There is a fair amount of fishing pressure at Otter Creek Reservoir right now because spring is one of the best times of year to fish there. Shore anglers are finding more success than trollers because most of the hungry, active trout are cruising along the shoreline. However, the reservoir is full, so finding a spot to fish from shore can be a little tough with all the flooded brush. A float tube can help you access some of those brushy areas. Look for trolling to get better as the water warms and fish move to deeper water in May.
Division of Wildlife Resources fish biologist Mike Hadley shows off a 29-inch, 11-pound brown trout caught and released during a gill net survey at Otter Creek Reservoir on April 10, 2012.

Right now is a great time to visit Otter Creek Reservoir, before the heat of the summer sets in.  Spring fishing is usually always good, but summer can slow as the water levels drop due to irrigation demands, and the hot summer temperatures in this open valley bottom heat up.  One caution with spring fishing at Otter Creek, sudden gusty spring winds are known to hit the lake quite regularly, as the valley sits in a perfect north/south alignment to funnel those springtime south winds.  Be careful on this open lake, there have been a lot of accidents in the past to boaters.
So, what will you catch in Otter Creek?  Most likely rainbow trout, possibly a cutthroat, obviously an occasional brown trout (photo above), and the DWR has also recently stocked tiger trout, smallmouth bass, and wipers.  The DWR has high hopes that these predator fish will help control the population of Utah chubs, which have began to reappear in the lake in recent years.

Antimony, Utah

Antimony Mercantile
Otter Creek Reservoir is located just north of Antimony, Utah, a short 15-20 minute drive east off of highway 89, as you turn off onto highway 62 and follow it east for 11 miles to the junction of Utah highway 22.  The lake sits a half mile east of the highway 62/22 junction.  Otter Creek State Park offers a paved parking lot and boat ramp, as well as campsites, toilets, showers, and a fish cleaning station.  The Otter Creek Marina (headquartered right across the street from the state park) offers tackle, bait, boat rentals, camping supplies, and great food.  Be sure to stop in and check out their photo board to see some of the nice fish pulled from the lake.  Also, take the 10 minute drive south on highway 22 and visit the small town of Antimony, Utah.  This farming community holds a special place in my heart (home to my grandmother's family) and some of the best food around!  Visit the Antimony Mercantile and get yourself one of the best burgers around, the Antimony Burger.  Breakfast at the "Merc." is also a treat, and you won't want to miss out on the hospitality, and get an earful from the local folks that stop by.  Also, be sure to check out their photo boards to see the trophy fish, elk, and deer that have graced the parking lot of the Merc!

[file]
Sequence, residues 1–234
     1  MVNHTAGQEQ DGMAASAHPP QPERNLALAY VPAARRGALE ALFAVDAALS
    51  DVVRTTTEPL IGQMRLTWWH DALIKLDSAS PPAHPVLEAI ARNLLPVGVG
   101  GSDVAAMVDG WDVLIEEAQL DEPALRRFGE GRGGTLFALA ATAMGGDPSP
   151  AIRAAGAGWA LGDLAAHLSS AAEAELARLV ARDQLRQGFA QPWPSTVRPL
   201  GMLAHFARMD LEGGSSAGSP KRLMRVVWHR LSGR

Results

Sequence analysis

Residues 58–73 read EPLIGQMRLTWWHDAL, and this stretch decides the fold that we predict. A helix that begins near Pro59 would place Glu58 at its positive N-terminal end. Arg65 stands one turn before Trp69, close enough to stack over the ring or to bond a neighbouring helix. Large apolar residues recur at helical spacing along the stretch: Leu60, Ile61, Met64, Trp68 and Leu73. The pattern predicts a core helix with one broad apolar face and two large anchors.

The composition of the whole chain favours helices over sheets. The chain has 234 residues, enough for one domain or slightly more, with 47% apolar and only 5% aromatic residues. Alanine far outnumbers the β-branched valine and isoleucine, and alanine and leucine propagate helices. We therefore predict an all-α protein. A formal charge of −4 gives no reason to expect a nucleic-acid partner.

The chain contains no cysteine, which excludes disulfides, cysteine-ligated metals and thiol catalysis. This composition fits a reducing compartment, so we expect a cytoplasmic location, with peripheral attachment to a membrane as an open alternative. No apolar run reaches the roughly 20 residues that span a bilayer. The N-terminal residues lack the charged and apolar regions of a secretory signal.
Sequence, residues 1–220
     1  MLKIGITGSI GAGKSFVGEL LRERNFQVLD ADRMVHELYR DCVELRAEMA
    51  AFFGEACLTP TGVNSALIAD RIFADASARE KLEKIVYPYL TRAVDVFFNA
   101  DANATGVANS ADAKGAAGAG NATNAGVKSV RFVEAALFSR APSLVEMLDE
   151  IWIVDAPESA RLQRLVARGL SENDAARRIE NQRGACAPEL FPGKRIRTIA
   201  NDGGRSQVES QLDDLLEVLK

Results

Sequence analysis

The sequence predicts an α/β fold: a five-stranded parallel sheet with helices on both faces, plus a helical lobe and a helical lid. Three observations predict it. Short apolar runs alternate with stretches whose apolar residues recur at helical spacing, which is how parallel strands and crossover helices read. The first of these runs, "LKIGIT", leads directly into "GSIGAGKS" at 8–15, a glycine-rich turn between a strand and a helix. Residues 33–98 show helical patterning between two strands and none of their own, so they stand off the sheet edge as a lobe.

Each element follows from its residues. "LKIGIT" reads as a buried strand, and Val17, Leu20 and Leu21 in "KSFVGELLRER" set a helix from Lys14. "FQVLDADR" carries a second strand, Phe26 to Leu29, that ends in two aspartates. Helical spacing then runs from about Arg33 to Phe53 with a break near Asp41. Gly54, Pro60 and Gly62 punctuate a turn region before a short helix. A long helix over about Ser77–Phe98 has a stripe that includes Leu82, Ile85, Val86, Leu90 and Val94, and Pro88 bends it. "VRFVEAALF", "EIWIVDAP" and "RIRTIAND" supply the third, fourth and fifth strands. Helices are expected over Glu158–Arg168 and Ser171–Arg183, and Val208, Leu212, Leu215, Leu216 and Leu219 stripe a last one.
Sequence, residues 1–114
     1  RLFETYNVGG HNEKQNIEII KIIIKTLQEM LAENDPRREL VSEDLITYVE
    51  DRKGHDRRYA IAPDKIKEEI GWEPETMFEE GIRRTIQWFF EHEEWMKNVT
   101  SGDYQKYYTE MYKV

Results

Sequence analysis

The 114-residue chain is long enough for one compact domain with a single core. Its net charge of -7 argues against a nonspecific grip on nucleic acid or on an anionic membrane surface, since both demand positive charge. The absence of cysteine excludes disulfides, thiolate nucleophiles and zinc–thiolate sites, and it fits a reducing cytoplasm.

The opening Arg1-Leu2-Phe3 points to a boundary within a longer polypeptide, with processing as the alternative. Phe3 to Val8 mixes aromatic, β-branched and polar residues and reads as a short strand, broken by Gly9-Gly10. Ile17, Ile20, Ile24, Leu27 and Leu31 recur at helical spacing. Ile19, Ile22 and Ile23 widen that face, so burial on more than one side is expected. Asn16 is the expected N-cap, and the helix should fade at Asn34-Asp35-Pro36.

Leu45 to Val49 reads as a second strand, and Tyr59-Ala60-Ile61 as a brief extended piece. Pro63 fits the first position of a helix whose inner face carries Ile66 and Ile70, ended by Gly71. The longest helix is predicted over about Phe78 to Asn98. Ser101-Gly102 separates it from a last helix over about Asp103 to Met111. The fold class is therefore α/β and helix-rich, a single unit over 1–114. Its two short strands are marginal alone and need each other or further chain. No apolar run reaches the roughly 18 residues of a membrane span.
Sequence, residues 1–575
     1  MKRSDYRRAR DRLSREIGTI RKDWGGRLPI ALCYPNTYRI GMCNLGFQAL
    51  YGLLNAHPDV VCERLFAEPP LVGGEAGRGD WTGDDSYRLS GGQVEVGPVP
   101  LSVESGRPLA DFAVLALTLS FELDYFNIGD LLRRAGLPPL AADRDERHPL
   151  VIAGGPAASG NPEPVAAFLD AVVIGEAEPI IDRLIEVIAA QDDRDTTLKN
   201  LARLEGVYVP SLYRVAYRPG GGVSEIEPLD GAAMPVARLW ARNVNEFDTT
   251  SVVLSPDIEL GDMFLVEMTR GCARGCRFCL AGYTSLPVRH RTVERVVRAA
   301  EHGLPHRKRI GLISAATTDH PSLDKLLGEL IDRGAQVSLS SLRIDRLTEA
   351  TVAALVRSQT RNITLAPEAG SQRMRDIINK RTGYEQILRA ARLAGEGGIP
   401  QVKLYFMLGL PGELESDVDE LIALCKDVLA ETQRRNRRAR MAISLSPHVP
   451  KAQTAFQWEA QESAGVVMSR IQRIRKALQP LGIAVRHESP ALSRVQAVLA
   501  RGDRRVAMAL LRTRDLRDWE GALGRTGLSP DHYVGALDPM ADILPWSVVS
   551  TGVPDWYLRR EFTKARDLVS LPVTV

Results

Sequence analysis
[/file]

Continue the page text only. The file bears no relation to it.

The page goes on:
You will also find great ATV trails in the area, on both the Boulder and Dutton mountain ranges (Dixie National Forest).  Be sure to visit the Otter Creek/Antimony, Utah area this summer!  And bring your appetite for the outdoors, and good food!

Monday, April 9, 2012

Good Weather, Good Times! Lower Bowns Reservoir

What an awesome Easter Weekend!  I hope you all got the chance to get out and enjoy the outdoors over the weekend!  Good times with family, some ATV rides, fishing, hiking, and camping, what a great time it was for our family!  It's hard to believe that snow is in the forecast later this week. 

Well, here I am playing catch-up after the long weekend.  Sad to say, I didn't get the camera out as much as I should have while we were in the hills.  I do want to give you a report on conditions on the east end of the Boulder mountain.  We camped near Lower Bowns Reservoir, where most of the snow is now gone (the north slopes being the exception) and we had great access to the lake and nearby ATV trails.  For those of you that have never been to Lower Bowns, spring is a great time.  In fact, in June/July the hot temperatures at this lower elevation lake can actually make fishing for more than just the morning hours fairly miserable.  The ice has only been off for a couple of weeks, and right now the low elevation temperatures are amazing.  Fishing was fairly fast, with most of our fish being caught fairly shallow, as they cruise the shoreline during the spawn.  Lower Bowns is a great lake for trolling, as you will find depths of 45 feet when full, with pretty good boat access, unless the lake is low.  If you are trying to get to the east side (where I find the best fishing) be prepared to walk or bring your 4-wheel drive to deal with a little sand and rocks.